Steli Efti: Because later on, if you even do something yourself that seems similar, it could create problems. The person could claim that you used their work, the free work they did for the job application. You didn’t hire them, but then you just used their work, right? It can create all kinds of problems. So, typically companies have adopted the best practice of doing something that maybe relates to your company but is not create a better homepage for us, or something like that, right, that could be like a real job, and then later the person could claim that you used their work in an unethical way without paying them and pretending it was for a job application. The same thing happened here. But in the description of it, instead of saying very clearly, “This is an example of something that doesn’t relate to us. Pretend Close.io would want to start a business in this totally different vertical. If you had to create a landing page with these main goals in mind, how would you do it?” the take-home assignment just said, “Close.io wants to change business model and is going off to these totally different people. Create a landing page for that.” Applicants were confused and were like, “Are you guys changing and pivoting to doing this completely random, different thing?” We’re like, “Why is everybody confused about this?” Then, I read the take-home, and it was like of course they’re confused. It doesn’t say it clearly that this is just an example. It states it almost as a fact. The other thing that was really interesting was that, when you create a take-home, I mean, you want to … I think most of the time, if it’s not a paid contract gig, right, kind of like it’s work together for a few weeks on a contract basis … If it’s a take-home, I am a big fan of doing something that is somewhat limited in scope, right, and gives that limit to people so that you don’t have … You can’t have an apples-to-apples comparison where … You don’t have one person working on that for four hours, and another person working on it for 40 hours, and you compare the two projects together. Right? But you tell people, “Hey, this should not exceed this amount of hours.” I like to keep them somewhat limited so it’s a reasonable ask in the very early stages of the relationship with them. One thing that we didn’t realize that we had to do, and one mistake that came up in this specific example, was that we had different people grade the take-home. Again, usually we’re all … We’ve never experienced being of completely different opinions on take-homes, very rarely. In this case, I saw some of the grading that people got from the take-home. I would look at the take-home, and I’d be just baffled. I’m like, “How in the world are these two people on our team thinking this is a good take-home?” This blew my mind, which then led to me talking to them and be like, “Let’s go through these. Let’s pick three or four take-homes that we got. Let’s go through them, and you explain to me how you’re evaluating this. Then, I’ll tell you how I evaluate this.” Once we went through the exercise, we all three looked at each other, and we went, “Oh. We use completely different criteria for how we’re grading these fucking take-homes,” right? Of course we’re not on the same page. Which then made us realize that, as part of the process now, when we put together a new take-home, we’ll have a little section for internal purposes that explains exactly how we grade the take-home, like what are the criteria that we’re rating and ranking and grading it on? As your team grows, maybe in the early days when you’re two or three people, maybe even then it’s useful to do to make sure that you have full alignment and you’re on the same page. But as the company grows and become bigger and bigger teams, and as new and newer team members are starting to be part of the interviewing process … This was a mistake that we made that we didn’t think about, and then it got to the point where I was baffled why we all seemed to be on totally different pages how we rank these take-homes. Now it has helped us get on the same page and get much better results in terms of being in agreement on who’s succeeding on the take-home based on what criteria and who isn’t.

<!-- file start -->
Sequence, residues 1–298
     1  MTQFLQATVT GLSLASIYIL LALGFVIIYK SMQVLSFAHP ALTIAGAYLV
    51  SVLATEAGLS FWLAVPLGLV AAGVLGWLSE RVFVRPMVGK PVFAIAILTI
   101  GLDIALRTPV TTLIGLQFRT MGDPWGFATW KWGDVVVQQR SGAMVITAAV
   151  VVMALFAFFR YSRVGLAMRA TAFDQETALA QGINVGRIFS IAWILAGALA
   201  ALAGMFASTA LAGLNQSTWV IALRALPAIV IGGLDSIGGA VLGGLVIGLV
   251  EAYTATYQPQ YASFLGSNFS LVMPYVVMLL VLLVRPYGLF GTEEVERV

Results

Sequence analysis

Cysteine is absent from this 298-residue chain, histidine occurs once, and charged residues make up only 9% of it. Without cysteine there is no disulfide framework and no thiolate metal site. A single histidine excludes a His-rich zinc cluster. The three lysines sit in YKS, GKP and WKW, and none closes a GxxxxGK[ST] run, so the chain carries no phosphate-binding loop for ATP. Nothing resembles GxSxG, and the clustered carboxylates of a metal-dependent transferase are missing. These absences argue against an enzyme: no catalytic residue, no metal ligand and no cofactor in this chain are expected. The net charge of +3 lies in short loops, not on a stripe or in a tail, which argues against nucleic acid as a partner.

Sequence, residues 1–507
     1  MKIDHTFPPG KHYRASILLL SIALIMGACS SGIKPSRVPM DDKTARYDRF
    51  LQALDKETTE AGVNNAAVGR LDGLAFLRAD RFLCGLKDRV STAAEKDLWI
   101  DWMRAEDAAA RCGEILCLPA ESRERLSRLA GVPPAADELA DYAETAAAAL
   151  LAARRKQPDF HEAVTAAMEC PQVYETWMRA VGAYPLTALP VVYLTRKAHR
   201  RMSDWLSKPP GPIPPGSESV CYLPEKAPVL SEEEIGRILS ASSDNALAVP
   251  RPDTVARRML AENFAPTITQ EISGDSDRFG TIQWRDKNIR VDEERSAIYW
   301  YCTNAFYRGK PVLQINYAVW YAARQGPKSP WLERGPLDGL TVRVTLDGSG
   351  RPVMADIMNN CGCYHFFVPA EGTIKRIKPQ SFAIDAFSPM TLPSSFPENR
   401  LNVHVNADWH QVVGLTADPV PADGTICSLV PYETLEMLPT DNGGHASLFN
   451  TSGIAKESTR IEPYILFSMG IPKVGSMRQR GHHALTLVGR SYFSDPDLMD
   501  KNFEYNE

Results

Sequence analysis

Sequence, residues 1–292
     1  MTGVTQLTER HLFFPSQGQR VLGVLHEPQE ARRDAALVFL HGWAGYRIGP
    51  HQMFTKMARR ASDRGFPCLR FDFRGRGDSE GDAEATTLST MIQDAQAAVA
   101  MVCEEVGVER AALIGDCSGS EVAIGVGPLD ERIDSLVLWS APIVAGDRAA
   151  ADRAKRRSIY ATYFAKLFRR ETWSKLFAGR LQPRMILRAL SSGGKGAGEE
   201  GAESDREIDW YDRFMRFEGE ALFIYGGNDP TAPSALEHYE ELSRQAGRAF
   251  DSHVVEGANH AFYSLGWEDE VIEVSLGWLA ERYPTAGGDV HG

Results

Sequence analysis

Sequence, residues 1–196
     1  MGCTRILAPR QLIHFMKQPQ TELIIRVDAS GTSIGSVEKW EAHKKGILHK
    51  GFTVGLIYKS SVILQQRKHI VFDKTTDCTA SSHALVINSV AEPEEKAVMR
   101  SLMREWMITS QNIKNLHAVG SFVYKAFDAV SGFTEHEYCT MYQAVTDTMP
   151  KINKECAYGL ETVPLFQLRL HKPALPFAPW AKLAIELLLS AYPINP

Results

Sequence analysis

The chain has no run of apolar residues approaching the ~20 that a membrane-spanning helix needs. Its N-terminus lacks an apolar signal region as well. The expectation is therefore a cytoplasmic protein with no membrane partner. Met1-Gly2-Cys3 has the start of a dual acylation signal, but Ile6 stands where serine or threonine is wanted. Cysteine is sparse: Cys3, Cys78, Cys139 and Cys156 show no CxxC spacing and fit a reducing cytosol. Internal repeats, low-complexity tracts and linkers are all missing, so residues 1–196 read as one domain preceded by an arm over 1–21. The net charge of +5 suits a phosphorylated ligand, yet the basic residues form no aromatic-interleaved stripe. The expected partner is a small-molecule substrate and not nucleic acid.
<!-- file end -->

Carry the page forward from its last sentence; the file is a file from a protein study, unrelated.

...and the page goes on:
Hiten Shah: Yeah, I think that’s really important, knowing what your success criteria is and what you’re assessing people for. What we do when we create these assignments is we actually think of those things first, so what’s our … How are we going to evaluate the assignment? Even before we do the assignment, we think through how are we going to evaluate this assignment, even who’s going to evaluate it, what’s the criteria we’re going to use to evaluate the candidate based on the assignment, and then we create the assignment. Because basically the assignment has to be designed to get us what we need, which is an assessment of the various candidates, an objective assessment. We need to know who’s going to review it, too, because it’s a … You know, these things are a coordinated effort. You’re bringing someone new on your team, and there’s a process. The people that work with that person or can assess that person or that candidate for that role are really key in bringing into the conversation.
Steli Efti: Absolutely. All right. I think that’s it from us for this episode on some tips on dos and don’ts, when to use take-homes, what to do and what not to do, what mistakes to avoid. Hopefully, it’s going to help the people that are listening to find the right people faster that they want to onboard on their startup. That’s it from us for this episode. If anybody has interesting tips or seen crazy-cool or crazy-terrible take-homes and wants to share them with us, we always love to hear from you. You can get in touch with us, firstname.lastname@example.org, email@example.com. We always love to hear from you, and we do so frequently So, thanks for that. Until next time, that’s it from us.
Hiten Shah: See you.